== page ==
This robust dish of chicken, chorizo, peppers, onion and spices borrows from both Spain and France. It is a one-pot recipe made in a cast iron skillet and layers the flavors of each ingredient over each other. And….if you don’t include the rice or potatoes that often accompany it in Spain, it is compliant with a Slow Carb Diet.
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Where is Basque Country?
Basque country is often said to straddle the border between Spain and France. The Basque people actually inhabited the region before those nations existed, but once Spain and France entered the picture, they brought their regional cuisines with them.
My daughter was fortunate enough to do a study abroad program in Spain, and her parents were fortunate enough to visit her and eat the wonderful dishes of the Basque region.
This Basque chicken and chorizo dish was inspired by that study abroad trip to Spain, and it turned out delicious, even though made in Minnesota!
What is Basque Cooking?
The Basque cuisine includes both a coastal influence of fish and seafood as well as a robust inland cuisine dominated by fresh and cured meats, as well as many vegetables and legumes.
Both the French and Spanish influence is strong, but the classic dishes are notably different on each side of the border.
Basques have incorporated ingredients from new settlers over time, like chocolate, potatoes, and various peppers. The Espelette pepper from France for example is strongly associated with Basque cooking and olive oil is the predominant oil used in cooking.
This recipe for Piperade is another classic Basque dish of tomatoes, onions, and peppers that is paired with many different meats or fish.
Basically the Basque cuisine is a local cuisine which draws from a rich, fertile inland area and a distinctive coastal area.
Pork, lamb, game meats and lake fish are abundant in the inland countryside and a wide range of seafood makes up the cuisine from the coastal area.
All in all, It is a very old cuisine with many traditional recipes passed down from generation to generation.
Spanish Chorizo vs Mexican Chorizo?
The chorizo that is typically used in the recipe below is Spanish chorizo—small, dense, smoked sausages made from coarsely chopped fatty pork and seasoned with mild Spanish paprika, salt and garlic. When you see the deep red chorizo in the store, that is going to be the smoky Spanish version.
Alternatively, the Mexican version of chorizo is fresh, raw pork which is typically seasoned with vinegar and a variety of chile peppers. Mexican chorizo can be quite complex with the brighter spiciness of chile peppers that are not smoked.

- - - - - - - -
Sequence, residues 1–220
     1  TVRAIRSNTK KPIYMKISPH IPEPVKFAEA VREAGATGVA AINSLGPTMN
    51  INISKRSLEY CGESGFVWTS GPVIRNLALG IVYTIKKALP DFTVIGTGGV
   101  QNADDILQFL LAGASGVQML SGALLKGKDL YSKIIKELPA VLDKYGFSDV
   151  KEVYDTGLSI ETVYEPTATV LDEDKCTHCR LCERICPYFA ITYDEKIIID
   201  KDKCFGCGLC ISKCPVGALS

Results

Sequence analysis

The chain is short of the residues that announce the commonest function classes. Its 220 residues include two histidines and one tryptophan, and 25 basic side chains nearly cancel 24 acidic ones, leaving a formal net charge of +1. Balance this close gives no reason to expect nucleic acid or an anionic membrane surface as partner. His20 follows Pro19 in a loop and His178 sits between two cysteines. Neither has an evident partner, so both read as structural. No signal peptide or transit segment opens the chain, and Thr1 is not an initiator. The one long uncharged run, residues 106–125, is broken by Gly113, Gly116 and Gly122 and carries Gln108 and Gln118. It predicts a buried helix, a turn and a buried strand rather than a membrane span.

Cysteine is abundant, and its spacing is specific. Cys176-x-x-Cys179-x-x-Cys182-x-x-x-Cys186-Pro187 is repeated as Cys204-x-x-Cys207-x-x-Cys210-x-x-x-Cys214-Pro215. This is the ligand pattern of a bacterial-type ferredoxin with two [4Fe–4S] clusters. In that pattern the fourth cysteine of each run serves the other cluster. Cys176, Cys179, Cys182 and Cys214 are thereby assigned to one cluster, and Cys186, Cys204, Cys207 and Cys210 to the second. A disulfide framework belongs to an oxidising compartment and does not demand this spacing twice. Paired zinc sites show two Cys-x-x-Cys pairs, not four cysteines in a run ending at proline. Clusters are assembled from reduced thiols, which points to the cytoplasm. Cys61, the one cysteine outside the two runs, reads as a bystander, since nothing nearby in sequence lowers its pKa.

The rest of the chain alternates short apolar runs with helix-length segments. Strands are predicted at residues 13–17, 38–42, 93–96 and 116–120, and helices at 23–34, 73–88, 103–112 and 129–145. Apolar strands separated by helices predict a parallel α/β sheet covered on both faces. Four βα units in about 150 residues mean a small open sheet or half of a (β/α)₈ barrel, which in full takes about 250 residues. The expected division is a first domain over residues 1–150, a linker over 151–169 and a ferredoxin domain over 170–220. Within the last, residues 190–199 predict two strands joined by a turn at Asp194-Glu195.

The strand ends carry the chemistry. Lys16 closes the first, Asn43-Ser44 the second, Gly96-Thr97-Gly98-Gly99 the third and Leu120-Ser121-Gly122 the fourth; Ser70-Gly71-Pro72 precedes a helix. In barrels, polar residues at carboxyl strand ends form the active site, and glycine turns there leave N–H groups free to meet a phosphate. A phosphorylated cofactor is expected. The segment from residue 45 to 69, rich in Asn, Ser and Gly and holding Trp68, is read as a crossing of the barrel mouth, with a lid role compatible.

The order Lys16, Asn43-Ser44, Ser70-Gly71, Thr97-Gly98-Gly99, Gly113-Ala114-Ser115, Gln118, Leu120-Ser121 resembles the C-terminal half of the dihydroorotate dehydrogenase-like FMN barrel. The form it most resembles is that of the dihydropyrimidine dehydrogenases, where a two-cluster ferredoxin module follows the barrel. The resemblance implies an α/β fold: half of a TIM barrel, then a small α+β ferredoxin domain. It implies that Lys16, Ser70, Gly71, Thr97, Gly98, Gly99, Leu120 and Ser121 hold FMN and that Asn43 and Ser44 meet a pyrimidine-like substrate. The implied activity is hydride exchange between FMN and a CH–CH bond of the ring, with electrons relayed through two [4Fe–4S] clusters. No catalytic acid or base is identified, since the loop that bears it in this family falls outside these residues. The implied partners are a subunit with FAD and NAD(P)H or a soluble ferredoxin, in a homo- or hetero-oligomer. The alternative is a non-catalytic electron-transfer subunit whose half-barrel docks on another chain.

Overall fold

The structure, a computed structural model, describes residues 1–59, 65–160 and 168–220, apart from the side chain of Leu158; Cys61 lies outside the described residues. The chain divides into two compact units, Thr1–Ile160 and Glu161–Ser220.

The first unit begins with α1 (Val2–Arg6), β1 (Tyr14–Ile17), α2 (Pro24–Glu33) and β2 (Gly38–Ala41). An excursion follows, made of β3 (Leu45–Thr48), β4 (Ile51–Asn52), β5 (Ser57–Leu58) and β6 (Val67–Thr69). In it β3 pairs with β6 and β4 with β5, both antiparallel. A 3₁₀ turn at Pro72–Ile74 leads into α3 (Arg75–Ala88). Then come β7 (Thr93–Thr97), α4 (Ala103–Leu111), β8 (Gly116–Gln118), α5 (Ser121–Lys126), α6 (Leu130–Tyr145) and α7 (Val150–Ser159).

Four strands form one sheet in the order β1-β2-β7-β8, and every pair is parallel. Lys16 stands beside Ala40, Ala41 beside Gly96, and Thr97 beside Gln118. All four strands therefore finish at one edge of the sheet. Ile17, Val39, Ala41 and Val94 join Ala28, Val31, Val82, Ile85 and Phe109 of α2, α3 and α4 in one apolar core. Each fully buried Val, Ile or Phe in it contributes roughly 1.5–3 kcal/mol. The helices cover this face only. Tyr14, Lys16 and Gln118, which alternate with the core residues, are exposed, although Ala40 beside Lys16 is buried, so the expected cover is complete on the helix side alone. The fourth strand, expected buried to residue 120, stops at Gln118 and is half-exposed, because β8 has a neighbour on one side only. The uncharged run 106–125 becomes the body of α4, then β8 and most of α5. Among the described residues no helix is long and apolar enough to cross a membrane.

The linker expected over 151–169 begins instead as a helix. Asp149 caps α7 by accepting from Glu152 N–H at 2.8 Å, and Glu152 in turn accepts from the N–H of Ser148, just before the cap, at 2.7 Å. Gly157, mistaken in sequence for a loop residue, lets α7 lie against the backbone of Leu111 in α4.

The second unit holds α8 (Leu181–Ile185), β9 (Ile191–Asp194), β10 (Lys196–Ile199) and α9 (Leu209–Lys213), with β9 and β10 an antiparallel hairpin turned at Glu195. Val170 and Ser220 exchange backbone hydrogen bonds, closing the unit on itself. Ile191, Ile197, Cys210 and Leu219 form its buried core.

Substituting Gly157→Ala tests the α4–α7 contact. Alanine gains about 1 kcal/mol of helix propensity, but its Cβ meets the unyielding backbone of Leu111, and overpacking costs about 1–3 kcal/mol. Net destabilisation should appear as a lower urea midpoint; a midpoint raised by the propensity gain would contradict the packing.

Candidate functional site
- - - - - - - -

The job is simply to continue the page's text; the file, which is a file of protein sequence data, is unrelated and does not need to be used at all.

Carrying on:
Mexican corizo and Spanish chorizo are indeed different flavor profiles, so they aren’t truly interchangeable.
They are both excellent however and if your dish calls for Spanish and all there is in the store is Mexican, use it! You will still end up with a robust flavor-filled dish.
Ingredients and Substitutions
Substitutions for Basque Peppers
Bell peppers native to Mexico and Central America became a classic pepper used in Spanish cuisine. The French added a different kind of pepper to Basque cooking, a pepper called piment d’Espelette, or Espelette pepper.
The Espelette pepper is sweet like the bell pepper, but also has a slightly smoky taste with a bit of heat.
I have grown the Espelette pepper on our farm, but it is not easy to find in an American grocery store. A substitute for this pepper would be to use sweet paprika with a little bit of a hotter pepper like cayenne.
Illustrated Step by Step:
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Basque Chicken and Chorizo Skillet Dinner
- 6 ounces chorizo sausage Ground (you could also slice it into coins if it comes in a sleeve)
- 2-3 tablespoons Olive oil
- 3 lbs. chicken I used 3 legs and 3 thighs; you could also use breast meat cut into bite-sized pieces (about 1 inch)
- ½ tsp salt
- ¼ tsp black pepper
- 2 large red sweet peppers can be from a jar
- 1 large onion sliced thinly or chopped
- 6 cloves garlic minced
- 14-16 ounce tomatoes diced (can use canned or fresh)
- 14 oz black olives drained and coarsely chopped
- ¾ cup dry sherry
- 2 tsp paprika
- ¾ tsp crushed red pepper
- 9 ounces artichoke hearts Frozen or jarred
- Over medium-high heat, heat up a large skillet with deep sides. Add the chorizo to the skillet and lightly brown for 3-5 minutes, rendering the fat. Transfer chorizo to a plate, leaving the fat in the skillet.6 ounces chorizo sausage
- Season the chicken with salt and pepper. Keeping the skillet at medium-high, add the oil and the chicken to the skillet and cook until browned on all sides (about 5-10 minutes). Remove the chicken to the plate with the chorizo.2-3 tablespoons Olive oil, 3 lbs. chicken
- Add the red sweet peppers and chopped onion and cook until softened (about 5 minutes). Add the garlic, tomatoes, olives, dry sherry, paprika and crushed red pepper and cook for 1 minute, scraping up any browned bits from the pan.Salt and pepper to taste1/2 tsp salt, 2 large red sweet peppers, 1 large onion, 6 cloves garlic, 14-16 ounce tomatoes, 14 oz black olives, 3/4 cup dry sherry, 2 tsp paprika, 3/4 tsp crushed red pepper, 1/4 tsp black pepper
- Return the chicken and chorizo to the skillet, cover, and turn the heat down to low. Simmer, covered, for 20-25 minutes.
- Add the quartered artichoke hearts, raise the heat to medium and cook uncovered until the sauce is slightly thickened (5-10 minutes).9 ounces artichoke hearts
- If not on the SCD, serve with crusty French bread.
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